# Extending a linear representation by an anti-linear operator

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## Main Question or Discussion Point

When we consider representation of the O(1,3) we divide the representation up into the connected part of SO(1,3) which we then extend by adding in the discrete transformations P and T. However, while (as far as I know) we always demand that the SO(1,3) and P be represented as linear operators, we demand that T be anti-linear.

If I start with some representation of SO(1,3) and I extended it by including T. Since its anti linear and anti unitary it can be written as T = CU where U is unitary and C is the complex conjugation operator. Suppose U were already in SO(1,3), then while I say I am adding T really the only new object I am adding is C. So suppose I have any representation and I extend by C, what is this new object?

I am just looking for the mathematical framework in which to approach this. Once I add T it isn't a linear representation anymore, I see that we have some operators which are homomorphic to O(1,3) but this isnt a representation as I recognize it. So what is this?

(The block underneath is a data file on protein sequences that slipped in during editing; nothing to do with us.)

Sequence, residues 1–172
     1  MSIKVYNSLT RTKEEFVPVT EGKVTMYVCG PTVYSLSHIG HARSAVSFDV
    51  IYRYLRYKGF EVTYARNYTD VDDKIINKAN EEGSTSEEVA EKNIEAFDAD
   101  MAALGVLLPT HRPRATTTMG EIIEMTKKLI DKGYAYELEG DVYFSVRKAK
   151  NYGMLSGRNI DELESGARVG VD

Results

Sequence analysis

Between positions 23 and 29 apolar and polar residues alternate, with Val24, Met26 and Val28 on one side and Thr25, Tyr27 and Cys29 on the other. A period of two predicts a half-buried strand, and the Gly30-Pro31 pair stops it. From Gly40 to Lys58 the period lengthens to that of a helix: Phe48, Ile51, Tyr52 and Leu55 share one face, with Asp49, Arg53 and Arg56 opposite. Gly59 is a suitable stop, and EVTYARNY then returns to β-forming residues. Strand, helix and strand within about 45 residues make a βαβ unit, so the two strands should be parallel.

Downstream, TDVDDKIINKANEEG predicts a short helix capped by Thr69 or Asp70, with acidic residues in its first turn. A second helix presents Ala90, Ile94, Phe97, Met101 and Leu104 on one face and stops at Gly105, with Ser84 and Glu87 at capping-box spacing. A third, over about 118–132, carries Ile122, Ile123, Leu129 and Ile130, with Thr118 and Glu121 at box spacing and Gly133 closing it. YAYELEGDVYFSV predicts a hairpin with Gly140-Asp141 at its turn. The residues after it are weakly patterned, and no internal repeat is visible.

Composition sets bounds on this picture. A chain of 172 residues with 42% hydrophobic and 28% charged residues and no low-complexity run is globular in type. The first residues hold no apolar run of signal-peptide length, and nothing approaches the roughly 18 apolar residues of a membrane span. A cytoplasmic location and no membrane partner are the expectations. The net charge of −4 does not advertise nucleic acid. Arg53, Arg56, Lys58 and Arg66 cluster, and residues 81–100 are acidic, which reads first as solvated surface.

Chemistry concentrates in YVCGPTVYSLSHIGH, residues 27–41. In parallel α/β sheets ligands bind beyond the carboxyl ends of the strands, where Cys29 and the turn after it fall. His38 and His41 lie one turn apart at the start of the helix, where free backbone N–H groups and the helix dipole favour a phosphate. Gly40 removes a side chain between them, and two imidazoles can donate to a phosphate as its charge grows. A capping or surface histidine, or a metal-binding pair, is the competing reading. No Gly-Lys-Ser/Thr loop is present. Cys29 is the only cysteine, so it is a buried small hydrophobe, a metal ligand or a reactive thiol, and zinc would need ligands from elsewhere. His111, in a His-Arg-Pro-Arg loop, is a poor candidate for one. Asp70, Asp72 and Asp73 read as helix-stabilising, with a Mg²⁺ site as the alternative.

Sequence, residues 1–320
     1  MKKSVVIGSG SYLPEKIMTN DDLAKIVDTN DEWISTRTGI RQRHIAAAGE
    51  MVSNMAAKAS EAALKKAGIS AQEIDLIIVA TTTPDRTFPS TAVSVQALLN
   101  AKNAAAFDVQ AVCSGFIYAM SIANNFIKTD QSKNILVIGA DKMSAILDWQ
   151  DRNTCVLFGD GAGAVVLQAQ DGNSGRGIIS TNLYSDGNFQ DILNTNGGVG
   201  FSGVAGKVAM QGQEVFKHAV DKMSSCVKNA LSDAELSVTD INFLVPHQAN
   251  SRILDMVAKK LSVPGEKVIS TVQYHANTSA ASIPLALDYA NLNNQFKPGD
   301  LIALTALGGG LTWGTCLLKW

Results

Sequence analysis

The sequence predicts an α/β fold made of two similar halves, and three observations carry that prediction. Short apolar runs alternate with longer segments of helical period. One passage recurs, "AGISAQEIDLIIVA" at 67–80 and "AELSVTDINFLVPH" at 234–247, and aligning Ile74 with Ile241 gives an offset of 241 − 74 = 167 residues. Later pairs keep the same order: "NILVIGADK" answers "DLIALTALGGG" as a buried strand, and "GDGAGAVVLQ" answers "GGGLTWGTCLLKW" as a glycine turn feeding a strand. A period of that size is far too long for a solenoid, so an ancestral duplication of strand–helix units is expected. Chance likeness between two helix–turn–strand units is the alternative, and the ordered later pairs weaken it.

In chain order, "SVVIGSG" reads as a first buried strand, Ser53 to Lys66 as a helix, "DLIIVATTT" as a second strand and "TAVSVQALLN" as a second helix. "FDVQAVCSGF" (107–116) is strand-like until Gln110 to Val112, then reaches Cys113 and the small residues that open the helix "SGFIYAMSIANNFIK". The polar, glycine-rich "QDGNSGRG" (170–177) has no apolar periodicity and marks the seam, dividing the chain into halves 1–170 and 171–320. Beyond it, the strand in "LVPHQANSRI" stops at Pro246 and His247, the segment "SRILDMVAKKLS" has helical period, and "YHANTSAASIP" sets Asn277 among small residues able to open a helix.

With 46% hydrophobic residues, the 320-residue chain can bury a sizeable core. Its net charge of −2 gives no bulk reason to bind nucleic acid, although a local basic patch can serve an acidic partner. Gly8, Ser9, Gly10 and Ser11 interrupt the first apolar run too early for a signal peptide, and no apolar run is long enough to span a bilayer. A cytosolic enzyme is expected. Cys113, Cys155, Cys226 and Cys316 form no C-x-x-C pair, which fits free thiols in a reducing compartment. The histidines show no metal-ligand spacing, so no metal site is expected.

While I am framing all this in the context of SO(1,3), it's only because that is how it arose for me. Really, I'm interested in the general question. Suppose I had some linear representation of some group which I then extend by the complex conjugation operator, thereby allowing anti-linear operators. Is this a representation of some bigger group?

Any references, sources, etc would be really appreciated.